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mothboy88

Car insurance - To claim or not to claim?

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That is the question.

 

Lets say two people who are tight get into a small fender bender with each other. Its a low speed affair. No airbag deployment, no injuries, no hard feelings. One of the cars gets a hole punched into the fiberglass bumper and the corner of the hood is bent a little.

 

Would you claim the damage if you knew the repair would cost way more than your deductable? Or would you pay out of pocket to keep an unsullied driving record clean and prevent your rates from going up?

 

If you do pay out of pocket, does the insurance company find out anyway?

 

I am having trouble finding answers to these questions through google. Perhaps there is a vast insurance conspiracy to suppress such knowledge. Perhaps I just didn't search hard enough. Either way, if anyone who reads this can shed some insight to the dilema, it would be appreciated.

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Talk to your insurance agent and ask surreptitiously, "hey, I've got this friend that's the same age as me, has the same driving record, drives the exact same car, and has the same policy. Amazing, huh? And, well, how much would his rates go up if he had just a minor fender bender and put in a claim for $2,500 damage?"

 

I'm tight with my insurance agent and don't need to stoop to subterfuge.

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Unfortuntley the company is USAA. They don't have local agents like other companies, just a big calling center that always demands an insurance number before questions are asked. In some of the info I have read in my searches, it is said that many insurance companies keep records of all damage inquiries even if they don't turn into claims. And this info will go into a profile that is shared with other insurance companies.

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I'd be careful with that company. If you file too many claims, they'll affix a cage over your head and fill it with flesh-eating rats.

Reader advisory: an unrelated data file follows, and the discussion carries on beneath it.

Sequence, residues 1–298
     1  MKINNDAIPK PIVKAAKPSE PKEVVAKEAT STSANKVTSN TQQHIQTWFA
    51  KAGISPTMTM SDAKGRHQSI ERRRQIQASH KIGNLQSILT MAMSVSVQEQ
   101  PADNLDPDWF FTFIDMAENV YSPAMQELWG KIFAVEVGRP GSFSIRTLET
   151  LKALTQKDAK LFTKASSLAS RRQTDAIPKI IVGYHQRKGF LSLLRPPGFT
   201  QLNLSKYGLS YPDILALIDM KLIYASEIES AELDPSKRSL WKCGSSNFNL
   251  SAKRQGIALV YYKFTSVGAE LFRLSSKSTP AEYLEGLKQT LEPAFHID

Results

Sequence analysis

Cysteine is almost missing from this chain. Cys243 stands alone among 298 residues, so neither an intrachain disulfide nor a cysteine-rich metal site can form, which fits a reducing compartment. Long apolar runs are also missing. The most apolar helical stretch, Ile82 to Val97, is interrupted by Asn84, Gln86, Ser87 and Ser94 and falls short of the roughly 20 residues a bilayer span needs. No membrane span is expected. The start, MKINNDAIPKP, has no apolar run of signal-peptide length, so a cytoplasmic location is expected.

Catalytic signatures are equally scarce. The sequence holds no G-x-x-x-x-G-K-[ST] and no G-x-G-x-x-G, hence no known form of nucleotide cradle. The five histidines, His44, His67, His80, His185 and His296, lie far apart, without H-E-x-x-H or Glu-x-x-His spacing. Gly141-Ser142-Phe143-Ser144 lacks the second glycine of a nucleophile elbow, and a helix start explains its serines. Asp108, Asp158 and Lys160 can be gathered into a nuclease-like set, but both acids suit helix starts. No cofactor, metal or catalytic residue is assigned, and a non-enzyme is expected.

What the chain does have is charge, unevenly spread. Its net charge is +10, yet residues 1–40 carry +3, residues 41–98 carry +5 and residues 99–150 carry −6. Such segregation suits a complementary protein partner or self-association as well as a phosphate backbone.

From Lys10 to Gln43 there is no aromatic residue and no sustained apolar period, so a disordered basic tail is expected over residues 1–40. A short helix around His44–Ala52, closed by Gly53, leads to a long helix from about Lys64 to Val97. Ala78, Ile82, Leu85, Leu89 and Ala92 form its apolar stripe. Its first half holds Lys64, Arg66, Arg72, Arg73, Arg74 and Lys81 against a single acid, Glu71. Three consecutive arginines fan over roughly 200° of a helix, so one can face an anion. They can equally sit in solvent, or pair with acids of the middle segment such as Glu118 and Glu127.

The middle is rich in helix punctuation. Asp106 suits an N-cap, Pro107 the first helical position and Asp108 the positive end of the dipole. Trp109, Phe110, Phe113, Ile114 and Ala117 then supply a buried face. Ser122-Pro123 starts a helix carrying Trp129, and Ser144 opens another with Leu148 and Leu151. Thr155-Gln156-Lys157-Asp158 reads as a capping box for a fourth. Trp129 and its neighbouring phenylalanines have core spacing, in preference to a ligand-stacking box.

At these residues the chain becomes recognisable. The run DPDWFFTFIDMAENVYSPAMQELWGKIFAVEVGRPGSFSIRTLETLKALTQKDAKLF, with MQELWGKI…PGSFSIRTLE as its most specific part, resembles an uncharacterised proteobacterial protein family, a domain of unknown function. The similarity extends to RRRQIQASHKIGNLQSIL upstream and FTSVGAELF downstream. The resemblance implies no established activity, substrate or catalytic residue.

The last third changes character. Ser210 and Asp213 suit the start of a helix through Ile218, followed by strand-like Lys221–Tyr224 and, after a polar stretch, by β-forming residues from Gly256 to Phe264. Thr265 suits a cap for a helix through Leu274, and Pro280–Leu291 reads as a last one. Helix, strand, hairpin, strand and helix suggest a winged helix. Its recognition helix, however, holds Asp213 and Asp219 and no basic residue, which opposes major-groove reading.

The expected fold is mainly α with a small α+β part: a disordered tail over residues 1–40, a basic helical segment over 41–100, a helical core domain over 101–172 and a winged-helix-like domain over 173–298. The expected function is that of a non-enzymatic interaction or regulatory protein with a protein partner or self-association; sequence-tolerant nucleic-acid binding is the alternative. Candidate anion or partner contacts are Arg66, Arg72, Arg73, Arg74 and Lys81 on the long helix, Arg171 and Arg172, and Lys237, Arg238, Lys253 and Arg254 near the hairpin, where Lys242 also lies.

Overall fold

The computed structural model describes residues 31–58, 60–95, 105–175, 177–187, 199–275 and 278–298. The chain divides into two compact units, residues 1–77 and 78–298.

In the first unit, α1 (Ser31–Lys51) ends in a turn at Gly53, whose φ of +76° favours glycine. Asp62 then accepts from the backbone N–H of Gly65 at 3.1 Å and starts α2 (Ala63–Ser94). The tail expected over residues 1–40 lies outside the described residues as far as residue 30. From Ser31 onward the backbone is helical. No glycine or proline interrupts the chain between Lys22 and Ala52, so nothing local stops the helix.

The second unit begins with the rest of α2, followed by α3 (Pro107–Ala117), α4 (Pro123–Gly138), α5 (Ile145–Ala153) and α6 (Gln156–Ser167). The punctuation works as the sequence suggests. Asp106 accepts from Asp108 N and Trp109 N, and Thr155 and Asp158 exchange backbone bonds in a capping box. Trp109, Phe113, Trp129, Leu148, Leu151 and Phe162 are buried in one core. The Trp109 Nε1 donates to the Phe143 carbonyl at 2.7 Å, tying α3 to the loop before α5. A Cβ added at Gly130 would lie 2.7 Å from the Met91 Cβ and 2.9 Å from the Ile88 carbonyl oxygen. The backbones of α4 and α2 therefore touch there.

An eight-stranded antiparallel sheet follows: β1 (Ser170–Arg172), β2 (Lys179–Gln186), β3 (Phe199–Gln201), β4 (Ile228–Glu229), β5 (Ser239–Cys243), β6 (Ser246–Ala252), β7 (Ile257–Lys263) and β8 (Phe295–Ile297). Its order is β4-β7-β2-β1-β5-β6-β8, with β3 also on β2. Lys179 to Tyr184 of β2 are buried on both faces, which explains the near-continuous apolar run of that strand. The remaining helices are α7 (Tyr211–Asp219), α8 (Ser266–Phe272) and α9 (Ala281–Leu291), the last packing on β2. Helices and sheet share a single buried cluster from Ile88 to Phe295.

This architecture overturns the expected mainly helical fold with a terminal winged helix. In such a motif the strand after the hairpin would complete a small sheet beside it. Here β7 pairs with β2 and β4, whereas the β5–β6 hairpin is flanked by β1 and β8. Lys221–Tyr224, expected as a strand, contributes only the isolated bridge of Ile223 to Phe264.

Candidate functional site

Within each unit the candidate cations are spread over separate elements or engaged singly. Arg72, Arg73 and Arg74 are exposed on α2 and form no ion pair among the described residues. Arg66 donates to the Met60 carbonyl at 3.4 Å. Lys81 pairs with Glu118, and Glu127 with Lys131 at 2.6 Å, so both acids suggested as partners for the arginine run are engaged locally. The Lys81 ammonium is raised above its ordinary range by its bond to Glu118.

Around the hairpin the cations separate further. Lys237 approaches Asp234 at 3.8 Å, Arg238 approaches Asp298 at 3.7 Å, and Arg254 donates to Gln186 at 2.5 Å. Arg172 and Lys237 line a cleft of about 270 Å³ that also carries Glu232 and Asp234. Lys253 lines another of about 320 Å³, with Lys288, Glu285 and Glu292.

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No claim. If no police report was filled from either party involved and neither insurance company was contacted, you should be in the safe zone. Your screwed if the other driver puts in a report because your insurance company can find out if they want. My insurance company didn't find out about 3 wrecks and 2 speeding tickets until I filled a big claim on my 4th wreck. The bastards cancelled me.

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As far as I know, you are not required to file with your insurance company when both parties agree not to and there is no police report.

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I'm tight with my insurance agent and don't need to stoop to subterfuge.

 

Should I call the FBI on you? This sounds a bit fishy... Oh wait, they might be reading this anyway. fruit.gif

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As far as your coverage going up, Theoretically most agencies work on a point system and it is claims points averaged over a period that afects rates. So it probably won't be a challenge. smirk.gif

 

In the real world I once was driving my mothers truck, small accident and it was covered by her insurance as the vehicle is primary. All good except that her insurance stayed good and my company recorded points against my record and raised my coverage. mad.gif

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I spoke to a reputable auto body repair shop today and asked the following question. If I pay out of pocket, does the VIN number go into a database and my insurance company finds out? He said absolutley not; they don't enter it into a database.

 

So my next question was how do Carfax or similar reports get off saying they provide a comprehensive collision histories for vehicles? The auto body guy said they have often wondered the same thing.

 

Thanks for the input. It appears its better to bite the bullet and pay out of pocket now than possibly cause more grief/cost later.

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So my next question was how do Carfax or similar reports get off saying they provide a comprehensive collision histories for vehicles? The auto body guy said they have often wondered the same thing.

i don't think they claim to offer a totally comprehensive report. they say on their site "While we'll never know everything about a particular car," and they have a link on their "about" page that lists some of their sources - auto auctions and some state's police departments and whatnot.

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Insurance companies can "brand" cars they write off as totalled. It goes into their shared databases (to which I believe carfax has been given access). A State Farm insurance adjuster told me that they can also brand the title in Washington State, though I've never come across one.

 

If you privately repair your car, nobody else has any business knowing what you had done. I'd go with what the shop told you.

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